BOSTON – On August 4, 2014, the state Board of Registration of Hazardous Waste Site Cleanup Professionals suspended the license of Richard J. Cushing of Clinton for eight months in a Consent Order that resolved disciplinary charges that were pending against him. While Mr. Cushing did not admit to any wrongdoing, he agreed to the suspension of his license and waived his right to an appeal.
The Environmental Strike Force of the Massachusetts Department of Environmental Protection (MassDEP) filed a complaint with the Board alleging that Mr. Cushing, whose business was based in Reading, erroneously concluded that an imminent hazard did not exist at a former dry cleaner in Ayer, Mass. The building on the property was occupied by a video rental store that had at least one full-time worker.
Mr. Cushing did not test the indoor air in the video store after more than 2 million parts per billion of vapor from tetrachloroethylene or “PCE,” were detected in soil gas. He filed a report with MassDEP that did not mention the possibility of an imminent hazard.
MassDEP ordered the indoor air tested and found that, although Mr. Cushing stated that an imminent hazard did not exist, in fact the cancer risk calculated from the test results was six times higher than the threshold for an imminent hazard. The building was evacuated.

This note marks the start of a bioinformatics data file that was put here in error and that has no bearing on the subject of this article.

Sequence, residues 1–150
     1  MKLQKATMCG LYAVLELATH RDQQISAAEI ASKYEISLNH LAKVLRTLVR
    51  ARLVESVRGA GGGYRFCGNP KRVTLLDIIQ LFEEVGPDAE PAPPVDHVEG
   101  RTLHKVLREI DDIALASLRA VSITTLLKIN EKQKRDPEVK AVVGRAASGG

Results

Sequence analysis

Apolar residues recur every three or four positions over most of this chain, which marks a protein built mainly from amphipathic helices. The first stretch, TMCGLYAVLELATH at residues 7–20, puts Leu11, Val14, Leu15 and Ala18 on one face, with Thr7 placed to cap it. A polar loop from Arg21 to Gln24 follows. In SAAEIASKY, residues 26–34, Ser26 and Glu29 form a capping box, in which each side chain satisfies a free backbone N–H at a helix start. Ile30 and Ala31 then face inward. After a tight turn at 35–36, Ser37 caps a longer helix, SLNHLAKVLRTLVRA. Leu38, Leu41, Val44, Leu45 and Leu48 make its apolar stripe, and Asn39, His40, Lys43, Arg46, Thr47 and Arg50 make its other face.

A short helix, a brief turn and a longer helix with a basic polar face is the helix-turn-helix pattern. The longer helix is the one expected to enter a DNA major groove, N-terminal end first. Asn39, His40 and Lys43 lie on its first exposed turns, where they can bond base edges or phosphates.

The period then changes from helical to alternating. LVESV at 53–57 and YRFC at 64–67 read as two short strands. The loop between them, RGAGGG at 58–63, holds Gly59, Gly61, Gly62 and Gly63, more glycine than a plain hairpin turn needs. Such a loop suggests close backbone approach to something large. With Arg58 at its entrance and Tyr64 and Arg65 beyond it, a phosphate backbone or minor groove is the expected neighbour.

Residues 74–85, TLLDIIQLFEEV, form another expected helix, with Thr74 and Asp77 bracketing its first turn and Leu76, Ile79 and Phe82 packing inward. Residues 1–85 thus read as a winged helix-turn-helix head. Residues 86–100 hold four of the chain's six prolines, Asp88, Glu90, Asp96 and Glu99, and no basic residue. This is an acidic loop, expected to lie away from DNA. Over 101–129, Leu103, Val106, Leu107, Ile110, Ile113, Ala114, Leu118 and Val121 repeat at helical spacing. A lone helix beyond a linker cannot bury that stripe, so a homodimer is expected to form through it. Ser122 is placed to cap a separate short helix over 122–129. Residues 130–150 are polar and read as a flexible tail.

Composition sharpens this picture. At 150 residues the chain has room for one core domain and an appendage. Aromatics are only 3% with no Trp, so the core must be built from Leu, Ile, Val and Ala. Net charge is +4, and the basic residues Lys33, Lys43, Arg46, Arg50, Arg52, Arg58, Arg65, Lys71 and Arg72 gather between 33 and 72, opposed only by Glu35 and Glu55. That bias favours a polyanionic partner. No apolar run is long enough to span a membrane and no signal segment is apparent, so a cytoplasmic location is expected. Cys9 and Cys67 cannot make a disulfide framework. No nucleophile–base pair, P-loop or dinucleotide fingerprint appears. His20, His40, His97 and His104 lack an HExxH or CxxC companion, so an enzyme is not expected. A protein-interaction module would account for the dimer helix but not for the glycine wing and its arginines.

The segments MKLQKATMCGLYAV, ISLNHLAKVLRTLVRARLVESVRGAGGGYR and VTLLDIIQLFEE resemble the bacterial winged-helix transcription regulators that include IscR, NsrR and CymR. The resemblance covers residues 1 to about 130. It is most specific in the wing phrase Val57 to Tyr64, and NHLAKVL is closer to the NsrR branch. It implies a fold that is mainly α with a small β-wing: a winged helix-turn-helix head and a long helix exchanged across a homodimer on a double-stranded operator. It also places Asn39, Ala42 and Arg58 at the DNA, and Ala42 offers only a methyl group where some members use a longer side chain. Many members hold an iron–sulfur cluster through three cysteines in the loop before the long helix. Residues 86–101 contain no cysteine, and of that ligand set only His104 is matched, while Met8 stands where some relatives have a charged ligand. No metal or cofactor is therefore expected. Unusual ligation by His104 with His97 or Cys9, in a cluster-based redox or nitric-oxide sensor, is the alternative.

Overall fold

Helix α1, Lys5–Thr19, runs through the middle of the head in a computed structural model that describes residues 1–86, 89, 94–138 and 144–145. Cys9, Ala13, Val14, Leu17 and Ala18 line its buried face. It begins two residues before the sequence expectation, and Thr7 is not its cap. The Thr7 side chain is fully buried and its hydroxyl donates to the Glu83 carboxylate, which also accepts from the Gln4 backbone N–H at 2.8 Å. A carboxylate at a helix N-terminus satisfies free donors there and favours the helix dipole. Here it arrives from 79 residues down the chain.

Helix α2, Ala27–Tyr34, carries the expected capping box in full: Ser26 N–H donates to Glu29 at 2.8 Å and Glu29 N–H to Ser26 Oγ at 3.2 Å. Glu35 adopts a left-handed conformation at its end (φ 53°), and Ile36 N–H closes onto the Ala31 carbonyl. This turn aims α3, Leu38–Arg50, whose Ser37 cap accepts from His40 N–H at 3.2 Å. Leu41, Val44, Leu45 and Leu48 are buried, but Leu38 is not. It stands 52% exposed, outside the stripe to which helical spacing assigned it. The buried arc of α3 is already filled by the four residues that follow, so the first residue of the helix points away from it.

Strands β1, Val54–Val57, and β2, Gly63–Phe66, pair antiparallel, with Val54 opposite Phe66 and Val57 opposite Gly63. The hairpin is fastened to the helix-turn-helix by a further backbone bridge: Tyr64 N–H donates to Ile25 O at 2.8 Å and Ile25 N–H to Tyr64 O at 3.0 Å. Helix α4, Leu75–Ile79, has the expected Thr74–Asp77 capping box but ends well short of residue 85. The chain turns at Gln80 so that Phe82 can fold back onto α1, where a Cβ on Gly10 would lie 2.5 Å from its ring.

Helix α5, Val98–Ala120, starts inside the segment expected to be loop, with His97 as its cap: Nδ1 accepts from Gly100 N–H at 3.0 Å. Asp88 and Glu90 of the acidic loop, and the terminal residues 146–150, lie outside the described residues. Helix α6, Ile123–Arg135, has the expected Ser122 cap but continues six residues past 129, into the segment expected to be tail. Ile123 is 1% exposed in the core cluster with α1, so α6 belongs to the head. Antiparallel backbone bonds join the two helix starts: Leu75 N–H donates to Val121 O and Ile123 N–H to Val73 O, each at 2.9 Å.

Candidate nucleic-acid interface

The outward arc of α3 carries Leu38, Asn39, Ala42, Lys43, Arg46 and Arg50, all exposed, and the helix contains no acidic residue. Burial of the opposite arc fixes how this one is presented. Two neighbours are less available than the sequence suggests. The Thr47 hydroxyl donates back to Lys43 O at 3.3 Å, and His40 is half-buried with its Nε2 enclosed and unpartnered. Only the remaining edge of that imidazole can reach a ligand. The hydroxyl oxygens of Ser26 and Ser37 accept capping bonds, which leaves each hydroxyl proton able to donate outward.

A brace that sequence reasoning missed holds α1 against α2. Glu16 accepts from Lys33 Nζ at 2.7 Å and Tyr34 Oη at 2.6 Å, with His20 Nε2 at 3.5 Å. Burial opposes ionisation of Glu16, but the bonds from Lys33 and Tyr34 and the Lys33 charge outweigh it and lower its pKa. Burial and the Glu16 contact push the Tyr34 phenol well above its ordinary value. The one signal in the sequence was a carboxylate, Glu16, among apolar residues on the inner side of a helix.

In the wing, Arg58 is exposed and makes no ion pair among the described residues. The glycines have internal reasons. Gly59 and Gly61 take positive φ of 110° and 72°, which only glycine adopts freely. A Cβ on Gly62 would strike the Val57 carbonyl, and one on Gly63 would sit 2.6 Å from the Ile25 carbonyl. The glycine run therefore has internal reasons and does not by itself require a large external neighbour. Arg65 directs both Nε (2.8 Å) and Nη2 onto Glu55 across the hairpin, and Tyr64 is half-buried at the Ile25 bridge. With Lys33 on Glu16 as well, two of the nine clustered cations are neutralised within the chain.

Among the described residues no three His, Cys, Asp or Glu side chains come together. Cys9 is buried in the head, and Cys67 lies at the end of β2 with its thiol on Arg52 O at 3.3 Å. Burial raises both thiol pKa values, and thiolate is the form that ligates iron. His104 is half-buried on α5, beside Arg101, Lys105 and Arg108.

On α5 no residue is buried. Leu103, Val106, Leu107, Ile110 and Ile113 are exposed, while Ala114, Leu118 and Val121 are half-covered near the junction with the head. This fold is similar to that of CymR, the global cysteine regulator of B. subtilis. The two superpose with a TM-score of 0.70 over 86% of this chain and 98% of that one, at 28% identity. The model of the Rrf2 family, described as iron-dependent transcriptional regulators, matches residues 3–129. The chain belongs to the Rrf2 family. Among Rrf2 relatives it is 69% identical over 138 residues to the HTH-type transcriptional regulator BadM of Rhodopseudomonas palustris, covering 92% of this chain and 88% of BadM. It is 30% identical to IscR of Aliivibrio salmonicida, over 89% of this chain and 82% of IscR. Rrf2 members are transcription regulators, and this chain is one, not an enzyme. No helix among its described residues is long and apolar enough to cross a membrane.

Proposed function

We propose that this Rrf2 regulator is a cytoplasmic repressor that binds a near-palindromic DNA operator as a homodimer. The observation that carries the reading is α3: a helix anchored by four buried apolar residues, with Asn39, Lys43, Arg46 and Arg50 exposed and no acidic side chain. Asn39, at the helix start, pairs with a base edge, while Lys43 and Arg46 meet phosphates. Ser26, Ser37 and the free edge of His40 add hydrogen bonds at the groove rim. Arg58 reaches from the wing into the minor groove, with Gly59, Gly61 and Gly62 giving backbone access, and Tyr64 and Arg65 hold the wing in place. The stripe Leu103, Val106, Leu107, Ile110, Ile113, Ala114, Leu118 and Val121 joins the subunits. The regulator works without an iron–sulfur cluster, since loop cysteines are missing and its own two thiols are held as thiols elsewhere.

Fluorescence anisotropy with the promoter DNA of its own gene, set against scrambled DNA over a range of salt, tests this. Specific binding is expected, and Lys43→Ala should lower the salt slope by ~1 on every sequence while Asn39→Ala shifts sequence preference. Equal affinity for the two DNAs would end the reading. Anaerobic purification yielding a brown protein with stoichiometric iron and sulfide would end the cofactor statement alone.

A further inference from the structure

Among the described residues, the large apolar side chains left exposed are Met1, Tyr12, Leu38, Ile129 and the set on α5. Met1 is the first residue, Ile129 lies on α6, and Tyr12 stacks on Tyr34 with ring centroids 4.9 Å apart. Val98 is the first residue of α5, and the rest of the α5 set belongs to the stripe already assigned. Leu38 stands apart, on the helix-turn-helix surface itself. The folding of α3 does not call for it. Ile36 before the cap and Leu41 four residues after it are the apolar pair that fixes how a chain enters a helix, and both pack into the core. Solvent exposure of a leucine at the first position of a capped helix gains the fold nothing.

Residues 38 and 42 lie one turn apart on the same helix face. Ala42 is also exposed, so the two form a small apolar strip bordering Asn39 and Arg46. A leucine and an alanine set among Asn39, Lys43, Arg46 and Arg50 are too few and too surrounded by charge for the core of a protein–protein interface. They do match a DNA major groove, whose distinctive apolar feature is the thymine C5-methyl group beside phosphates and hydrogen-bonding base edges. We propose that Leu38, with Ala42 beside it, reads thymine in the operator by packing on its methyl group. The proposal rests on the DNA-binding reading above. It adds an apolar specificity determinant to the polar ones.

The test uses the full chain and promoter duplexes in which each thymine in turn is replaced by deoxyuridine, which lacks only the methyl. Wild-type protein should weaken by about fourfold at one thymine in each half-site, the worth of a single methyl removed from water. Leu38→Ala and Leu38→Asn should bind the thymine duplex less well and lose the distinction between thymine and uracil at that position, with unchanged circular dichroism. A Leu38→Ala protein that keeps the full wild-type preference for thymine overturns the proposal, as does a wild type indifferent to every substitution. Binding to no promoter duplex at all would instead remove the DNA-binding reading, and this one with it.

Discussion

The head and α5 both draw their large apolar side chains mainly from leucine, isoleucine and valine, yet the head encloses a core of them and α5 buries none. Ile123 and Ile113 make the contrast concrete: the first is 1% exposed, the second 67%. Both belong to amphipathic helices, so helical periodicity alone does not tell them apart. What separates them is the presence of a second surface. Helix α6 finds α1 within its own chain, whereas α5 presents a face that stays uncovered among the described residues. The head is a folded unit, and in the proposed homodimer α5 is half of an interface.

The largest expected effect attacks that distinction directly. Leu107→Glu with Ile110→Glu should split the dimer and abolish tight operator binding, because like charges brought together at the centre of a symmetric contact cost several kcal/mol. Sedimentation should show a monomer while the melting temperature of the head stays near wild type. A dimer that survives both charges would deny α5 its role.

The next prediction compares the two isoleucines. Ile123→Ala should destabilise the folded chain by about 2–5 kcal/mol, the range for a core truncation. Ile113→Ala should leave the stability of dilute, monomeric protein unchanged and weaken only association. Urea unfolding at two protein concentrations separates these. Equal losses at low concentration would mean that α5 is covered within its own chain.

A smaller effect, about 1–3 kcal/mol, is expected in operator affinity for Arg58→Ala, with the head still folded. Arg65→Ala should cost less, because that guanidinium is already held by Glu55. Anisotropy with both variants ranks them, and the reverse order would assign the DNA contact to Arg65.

The Board investigated the complaint and initiated disciplinary action, contending that Mr. Cushing failed to comply with the standard of care and failed to exercise independent professional judgment as a Licensed Site Professional (LSP).
Mr. Cushing contested the Board’s charges, and a hearing was held. The Presiding Officer ruled that Mr. Cushing failed to use independent professional judgment and relied too much on a risk assessor to determine whether the contamination posed an imminent hazard to human health.
Kirk Franklin, a member of the Board, commented: “Our priority is always to protect human health and the environment. The Board found that the LSP did not keep that priority to the forefront in coming up with his testing strategy.”
Licensed Site Professionals or “LSPs” are licensed by the Board to oversee the assessment and cleanup of property contaminated with oil, gasoline or hazardous materials. The Board works to protect the public by setting standards for LSP practice, requiring continuing education, investigating complaints against LSPs and determining sanctions.